What else will we Irish remember? Well, what about the cheer, for the Irish team as it entered the Olympic Stadium during the opening ceremony, much of which has to be accounted for by the warmth shown to us by the British?

Or the way the Irish fans colonised the Excel Arena for Taylor’s fights, in particular, but also cheered British boxers, such as Nicola Adams, as if they were our own (as long as they weren’t fighting against the Irish)? And, indeed, the wonderfully entertaining, engaging and eccentric opening ceremony itself, which was created by a man of Irish heritage, the acclaimed film director Danny Boyle, who paid tribute to his mother’s home town of Ballinasloe, in Galway, by slipping in a few seconds of a famous international rugby try scored by that town’s Noel Mannion.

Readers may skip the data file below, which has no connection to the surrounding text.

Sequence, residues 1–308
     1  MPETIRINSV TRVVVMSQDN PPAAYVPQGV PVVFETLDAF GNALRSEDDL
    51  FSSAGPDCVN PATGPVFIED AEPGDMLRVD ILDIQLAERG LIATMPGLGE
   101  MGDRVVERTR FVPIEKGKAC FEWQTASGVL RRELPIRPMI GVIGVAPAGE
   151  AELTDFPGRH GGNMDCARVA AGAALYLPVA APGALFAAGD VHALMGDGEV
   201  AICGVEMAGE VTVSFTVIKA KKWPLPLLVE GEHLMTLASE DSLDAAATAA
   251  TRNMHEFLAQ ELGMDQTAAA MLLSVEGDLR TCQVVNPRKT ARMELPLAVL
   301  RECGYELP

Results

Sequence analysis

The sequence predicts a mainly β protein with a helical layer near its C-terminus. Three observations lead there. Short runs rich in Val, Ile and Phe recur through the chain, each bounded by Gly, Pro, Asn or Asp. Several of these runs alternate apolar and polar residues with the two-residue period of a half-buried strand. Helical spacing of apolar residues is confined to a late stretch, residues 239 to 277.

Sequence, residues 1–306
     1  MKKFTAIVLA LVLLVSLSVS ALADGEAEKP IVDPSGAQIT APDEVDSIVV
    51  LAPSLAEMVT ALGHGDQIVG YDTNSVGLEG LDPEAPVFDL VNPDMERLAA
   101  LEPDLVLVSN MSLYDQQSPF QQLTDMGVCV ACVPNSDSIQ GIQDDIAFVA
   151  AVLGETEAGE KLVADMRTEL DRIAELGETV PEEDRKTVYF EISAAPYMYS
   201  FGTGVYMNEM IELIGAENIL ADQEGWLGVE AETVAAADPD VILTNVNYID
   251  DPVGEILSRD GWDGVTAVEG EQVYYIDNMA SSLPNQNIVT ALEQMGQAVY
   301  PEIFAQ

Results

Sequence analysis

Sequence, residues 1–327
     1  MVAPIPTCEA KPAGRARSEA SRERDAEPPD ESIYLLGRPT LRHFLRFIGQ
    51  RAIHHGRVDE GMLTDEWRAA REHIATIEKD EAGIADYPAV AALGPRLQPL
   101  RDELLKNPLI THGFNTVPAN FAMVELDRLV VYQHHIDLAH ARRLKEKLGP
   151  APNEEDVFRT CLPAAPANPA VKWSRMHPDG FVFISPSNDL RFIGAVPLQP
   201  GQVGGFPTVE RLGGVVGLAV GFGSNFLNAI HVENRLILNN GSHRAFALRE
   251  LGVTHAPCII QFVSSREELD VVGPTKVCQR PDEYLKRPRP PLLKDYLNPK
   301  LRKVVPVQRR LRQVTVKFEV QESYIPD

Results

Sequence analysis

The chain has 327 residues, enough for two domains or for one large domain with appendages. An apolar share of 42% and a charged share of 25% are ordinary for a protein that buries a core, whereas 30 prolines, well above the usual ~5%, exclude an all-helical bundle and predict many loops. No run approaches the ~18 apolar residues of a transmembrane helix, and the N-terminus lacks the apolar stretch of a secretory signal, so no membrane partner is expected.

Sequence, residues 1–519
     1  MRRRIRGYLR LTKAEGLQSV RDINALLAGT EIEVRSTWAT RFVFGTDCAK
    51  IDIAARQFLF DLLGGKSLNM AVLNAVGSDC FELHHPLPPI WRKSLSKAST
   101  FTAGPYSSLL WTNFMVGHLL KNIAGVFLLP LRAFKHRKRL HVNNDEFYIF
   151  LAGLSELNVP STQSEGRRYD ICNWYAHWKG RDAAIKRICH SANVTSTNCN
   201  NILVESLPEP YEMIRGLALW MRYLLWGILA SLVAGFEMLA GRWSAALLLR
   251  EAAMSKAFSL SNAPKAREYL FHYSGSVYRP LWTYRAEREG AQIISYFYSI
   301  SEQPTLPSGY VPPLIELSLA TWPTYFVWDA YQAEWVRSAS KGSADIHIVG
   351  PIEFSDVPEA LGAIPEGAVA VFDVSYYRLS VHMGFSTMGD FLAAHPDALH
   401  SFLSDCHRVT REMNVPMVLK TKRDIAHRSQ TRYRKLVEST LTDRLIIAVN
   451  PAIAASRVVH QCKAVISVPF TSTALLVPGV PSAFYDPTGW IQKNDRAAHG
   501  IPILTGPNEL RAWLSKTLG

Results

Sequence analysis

It wasn’t just what we took from the games for ourselves, though.

Our extensive use of British media meant that many of us watched the Games through the excellent services of the BBC (and that is no offence to RTÉ, which did its own fine job). And that meant that many of us shared their joy at their many successes, some of which were spectacular.

Mo Farah, in particular, was a joy to watch, the son of a Somalian immigrant, cheered to the rafters by the British, rightly, as one of their own, as he completed an inspired track double of the 10,000 metres and 5,000 metres on successive Saturday evenings.

So, too, was Jessica Ennis, the petite woman who won the heptathlon, inspired by the incredible crowd in the stadium, starting her conquest with an adrenaline-pumped hurdles, finishing with an 800-metres victory of incredible vigour that wasn’t even required for overall success.

And in cycling the Tour de France winner, Bradley Wiggins, cut a stylish figure, with his ‘mod’ sideburns, as he sat on a throne outside Hampton Court Palace, having won the cycling time-trial in expected, but still brilliant, fashion.